Americans don't like to concede it, but the country is flirting with overpopulation right now. Plenty of formerly very nice areas of the United States have become less than that due to increasing population. The country cannot expand forever. Recognizing that is not necessarily an immoral act. Indeed, ironically, Americans now applaud the original native inhabitants of the land for that very thing. Reduced to its basic elements, much of the post 1865 Indian War drama centered around Indians resisting the invasion of European Americans onto treaty lands where they had no right to be. In other words, the Indians were violently resisting illegal immigration, for which they have been celebrated and praised. A country does not necessarily act immorally by determining that it will defend the interior of its country from illegal settlement.
Catholics who follow this closely will note that the Catholic Bishops in the United States have basically been in favor of an open border. But that sort of statement by the Bishops, while it must be taken seriously and weighted, does not amount to an absolute directive. This is an issue which Catholics can and do have a variety of opinions on.
The much more problematic aspect of this is the suggestion that some 11,000,000 people will be deported. But that raises another moral question that has never been addressed by either party. The voters suspect that this many illegal immigrants were able to enter the country in the first place as both parties were complicit in it. That is, they believe that the Democrats never saw an illegal immigrant whom they did not figure was a future Democratic voter and the Republicans never saw an illegal immigrant whom they did not picture mowing the lawn. If that's correct, and there appears to be some basis to believe that, there's the troubling fact that the parties have lied to the citizenry and conspired to defeat the law. That would not justify committing a human tragedy however. This is an area where most people, I think, are troubled by Trump's apparent policy, although they may not be so troubled as to not quietly support it. At any rate, while uprooting 11,000,000 people, assuming that its even possible (and for this moral calculation you must) is a moral evil, it isn't a moral evil that outweighs killing that many or more, which from a Catholic prospective is what the alternative is.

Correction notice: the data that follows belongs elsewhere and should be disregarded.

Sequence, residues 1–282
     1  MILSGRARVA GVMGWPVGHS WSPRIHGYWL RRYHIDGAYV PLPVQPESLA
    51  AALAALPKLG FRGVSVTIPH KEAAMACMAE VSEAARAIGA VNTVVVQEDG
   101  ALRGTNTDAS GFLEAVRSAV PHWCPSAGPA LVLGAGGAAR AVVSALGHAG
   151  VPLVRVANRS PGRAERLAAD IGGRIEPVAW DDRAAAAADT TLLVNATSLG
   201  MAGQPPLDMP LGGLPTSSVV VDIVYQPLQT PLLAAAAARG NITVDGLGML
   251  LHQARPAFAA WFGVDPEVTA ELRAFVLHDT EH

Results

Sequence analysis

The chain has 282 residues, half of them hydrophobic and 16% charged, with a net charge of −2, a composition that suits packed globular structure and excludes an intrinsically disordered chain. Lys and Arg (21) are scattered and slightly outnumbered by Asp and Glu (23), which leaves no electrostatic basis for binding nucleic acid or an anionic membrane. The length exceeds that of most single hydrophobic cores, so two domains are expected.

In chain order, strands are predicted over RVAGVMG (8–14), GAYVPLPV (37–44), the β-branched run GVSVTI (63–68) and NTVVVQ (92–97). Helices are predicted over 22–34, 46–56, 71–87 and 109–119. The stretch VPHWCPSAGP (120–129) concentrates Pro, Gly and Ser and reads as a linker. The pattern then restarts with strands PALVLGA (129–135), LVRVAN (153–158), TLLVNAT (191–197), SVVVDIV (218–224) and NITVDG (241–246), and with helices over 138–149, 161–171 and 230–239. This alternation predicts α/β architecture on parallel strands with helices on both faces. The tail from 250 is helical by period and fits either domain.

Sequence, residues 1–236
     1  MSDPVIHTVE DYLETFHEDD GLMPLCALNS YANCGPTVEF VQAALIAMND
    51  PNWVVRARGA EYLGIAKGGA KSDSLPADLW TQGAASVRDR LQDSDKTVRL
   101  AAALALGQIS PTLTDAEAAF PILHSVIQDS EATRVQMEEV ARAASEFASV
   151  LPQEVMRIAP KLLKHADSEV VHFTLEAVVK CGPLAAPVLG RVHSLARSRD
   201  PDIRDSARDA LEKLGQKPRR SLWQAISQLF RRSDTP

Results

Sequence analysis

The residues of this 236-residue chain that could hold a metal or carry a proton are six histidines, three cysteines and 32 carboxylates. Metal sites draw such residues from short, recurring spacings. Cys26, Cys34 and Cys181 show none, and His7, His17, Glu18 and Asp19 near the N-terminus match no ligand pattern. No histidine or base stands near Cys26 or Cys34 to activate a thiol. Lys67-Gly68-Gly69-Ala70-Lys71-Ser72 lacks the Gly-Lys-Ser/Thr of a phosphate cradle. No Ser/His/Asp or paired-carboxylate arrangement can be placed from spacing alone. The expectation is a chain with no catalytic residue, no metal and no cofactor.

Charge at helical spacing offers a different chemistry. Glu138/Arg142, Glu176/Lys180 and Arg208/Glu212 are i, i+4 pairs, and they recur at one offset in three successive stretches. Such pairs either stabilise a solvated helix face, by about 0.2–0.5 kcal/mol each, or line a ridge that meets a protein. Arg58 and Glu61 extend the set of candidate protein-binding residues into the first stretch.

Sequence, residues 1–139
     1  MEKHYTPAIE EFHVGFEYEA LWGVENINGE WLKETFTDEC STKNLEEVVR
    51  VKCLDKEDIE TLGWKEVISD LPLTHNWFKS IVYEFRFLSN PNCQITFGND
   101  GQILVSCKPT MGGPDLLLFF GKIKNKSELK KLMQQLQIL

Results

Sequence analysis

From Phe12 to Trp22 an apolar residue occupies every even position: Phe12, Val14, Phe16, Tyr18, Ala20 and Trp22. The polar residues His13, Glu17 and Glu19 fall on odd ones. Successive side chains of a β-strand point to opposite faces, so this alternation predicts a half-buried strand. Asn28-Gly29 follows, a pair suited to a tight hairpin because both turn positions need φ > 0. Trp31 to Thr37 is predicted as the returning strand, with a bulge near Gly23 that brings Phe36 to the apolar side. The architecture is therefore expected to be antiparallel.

Taking that a step further, some would note that Trump has stated that all Muslims should be banned for a time from entering the country, which has since apparently been modified into a ban based on geography (I have to think some advisor came up with that). That is, Trump is now stating that, for example, the door should be closed to Syrians, and others from that region. I've consistently maintained myself that while I'm favor of much reduced immigration into the United States, I am in favor of letting people displaced from the wars in the Middle East come in, so I don't agree on this. But I will note that just this past week James Comey, director of the FBI in New York, stated: “At some point there’s going to be a terrorist diaspora out of Syria like we’ve never seen before".